“If only a few railroads could not meet the deadline, perhaps we could conclude there is an issue with those railroads. But if nearly every railroad in the country will not meet the deadline, we need to acknowledge there is an issue with the deadline,” said Senate Commerce, Science, and Transportation Committee Chairman John Thune, R-S.D.
   Thune and House Transportation and Infrastructure Committee Chairman Bill Shuster, R-Pa., support a deadline extension.
   Shuster said in a statement the GAO report “confirms that the PTC mandate is not achievable, and extending the deadline is essential to preventing significant disruptions of both passenger and freight rail service across the country.”
   “Passenger and freight railroads need time beyond the current deadline to finish implementation of a complex system that relies on new technology,” said Thune. “Failure to extend this legal deadline would create significant hardships for customers and passengers who rely on railroads. Passing an extension that includes meaningful accountability for PTC implementation is the best thing Congress can do to enhance safety and avert a chaotic situation that would hurt our economy much more than the recent West Coast ports backup.”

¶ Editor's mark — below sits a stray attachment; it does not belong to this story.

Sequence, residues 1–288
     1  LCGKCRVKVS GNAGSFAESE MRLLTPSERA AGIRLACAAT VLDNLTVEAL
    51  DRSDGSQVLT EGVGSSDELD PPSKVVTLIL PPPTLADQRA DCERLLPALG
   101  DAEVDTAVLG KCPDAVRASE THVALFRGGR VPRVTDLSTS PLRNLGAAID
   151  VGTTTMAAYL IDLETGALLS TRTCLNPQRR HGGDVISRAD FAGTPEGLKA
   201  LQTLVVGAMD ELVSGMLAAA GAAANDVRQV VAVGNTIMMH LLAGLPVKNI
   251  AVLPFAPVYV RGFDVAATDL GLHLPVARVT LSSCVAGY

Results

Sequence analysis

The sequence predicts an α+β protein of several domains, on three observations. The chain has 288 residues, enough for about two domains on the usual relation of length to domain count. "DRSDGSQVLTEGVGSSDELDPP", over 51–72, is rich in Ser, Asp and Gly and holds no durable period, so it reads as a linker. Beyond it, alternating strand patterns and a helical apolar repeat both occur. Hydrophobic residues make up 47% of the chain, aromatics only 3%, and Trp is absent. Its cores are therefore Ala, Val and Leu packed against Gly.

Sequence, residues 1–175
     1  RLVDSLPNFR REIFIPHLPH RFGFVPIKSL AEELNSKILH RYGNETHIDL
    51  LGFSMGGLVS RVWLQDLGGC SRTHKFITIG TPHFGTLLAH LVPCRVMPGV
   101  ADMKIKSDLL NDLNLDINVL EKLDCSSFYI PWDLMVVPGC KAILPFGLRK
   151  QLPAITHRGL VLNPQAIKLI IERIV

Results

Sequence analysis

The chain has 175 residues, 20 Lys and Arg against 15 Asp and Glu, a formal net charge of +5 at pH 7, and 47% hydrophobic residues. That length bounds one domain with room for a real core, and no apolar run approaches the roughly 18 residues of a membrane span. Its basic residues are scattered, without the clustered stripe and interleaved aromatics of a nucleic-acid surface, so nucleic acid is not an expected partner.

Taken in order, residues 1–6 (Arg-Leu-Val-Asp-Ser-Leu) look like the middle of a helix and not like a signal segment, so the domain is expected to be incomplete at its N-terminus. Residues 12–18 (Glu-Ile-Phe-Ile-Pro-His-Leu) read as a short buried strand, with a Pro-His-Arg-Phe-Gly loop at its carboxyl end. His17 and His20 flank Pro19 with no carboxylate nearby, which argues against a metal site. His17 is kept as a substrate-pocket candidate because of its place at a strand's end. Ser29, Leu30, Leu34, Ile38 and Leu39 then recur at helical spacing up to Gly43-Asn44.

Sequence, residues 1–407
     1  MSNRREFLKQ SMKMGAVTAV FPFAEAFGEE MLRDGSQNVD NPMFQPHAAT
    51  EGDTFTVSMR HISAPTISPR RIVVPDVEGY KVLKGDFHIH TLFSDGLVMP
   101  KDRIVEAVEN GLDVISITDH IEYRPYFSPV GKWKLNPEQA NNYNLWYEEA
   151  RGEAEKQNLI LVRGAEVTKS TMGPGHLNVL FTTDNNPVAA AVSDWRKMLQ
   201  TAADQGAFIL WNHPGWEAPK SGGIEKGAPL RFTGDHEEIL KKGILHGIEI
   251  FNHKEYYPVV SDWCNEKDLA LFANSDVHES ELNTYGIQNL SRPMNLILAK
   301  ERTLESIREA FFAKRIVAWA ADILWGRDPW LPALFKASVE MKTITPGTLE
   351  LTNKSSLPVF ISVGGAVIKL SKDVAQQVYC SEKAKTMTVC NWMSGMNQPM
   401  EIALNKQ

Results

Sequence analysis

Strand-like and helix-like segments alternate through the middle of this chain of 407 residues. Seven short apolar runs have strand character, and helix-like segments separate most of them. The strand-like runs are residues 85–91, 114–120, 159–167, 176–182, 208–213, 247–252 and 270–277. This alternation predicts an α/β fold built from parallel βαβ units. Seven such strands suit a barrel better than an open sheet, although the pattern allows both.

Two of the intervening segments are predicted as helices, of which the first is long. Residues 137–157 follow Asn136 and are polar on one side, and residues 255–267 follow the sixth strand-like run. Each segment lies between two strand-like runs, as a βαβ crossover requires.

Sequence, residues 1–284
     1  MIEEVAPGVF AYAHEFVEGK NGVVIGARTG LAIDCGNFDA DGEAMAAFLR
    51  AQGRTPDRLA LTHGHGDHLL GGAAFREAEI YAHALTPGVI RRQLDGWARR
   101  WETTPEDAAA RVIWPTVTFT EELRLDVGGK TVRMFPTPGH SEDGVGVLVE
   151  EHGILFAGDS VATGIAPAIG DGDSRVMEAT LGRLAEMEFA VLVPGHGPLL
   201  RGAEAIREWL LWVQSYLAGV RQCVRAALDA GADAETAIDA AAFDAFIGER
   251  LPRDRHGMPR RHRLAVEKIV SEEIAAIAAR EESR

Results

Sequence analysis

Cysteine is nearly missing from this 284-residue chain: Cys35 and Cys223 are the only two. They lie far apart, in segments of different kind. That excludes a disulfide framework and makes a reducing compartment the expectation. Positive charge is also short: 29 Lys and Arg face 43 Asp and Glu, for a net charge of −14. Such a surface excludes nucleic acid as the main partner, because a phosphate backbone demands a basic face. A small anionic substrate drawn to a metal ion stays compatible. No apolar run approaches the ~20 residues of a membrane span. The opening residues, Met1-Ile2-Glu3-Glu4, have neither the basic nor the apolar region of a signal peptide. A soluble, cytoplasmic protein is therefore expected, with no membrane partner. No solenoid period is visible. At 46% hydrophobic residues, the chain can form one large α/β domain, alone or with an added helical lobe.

However, Mark V. Rosenker, who was head of the National Transportation Safety Board at the time of the Chatsworth crash, told the New York Times in July the deadline should not be extended.
   “Seven years, in my judgment, is a long time and an adequate time to do it,” said Rosenker. “The technology is out there. Let’s put it in.”

Chris Dupin

Chris Dupin has written about trade and transportation and other business subjects for a variety of publications before joining American Shipper and Freightwaves.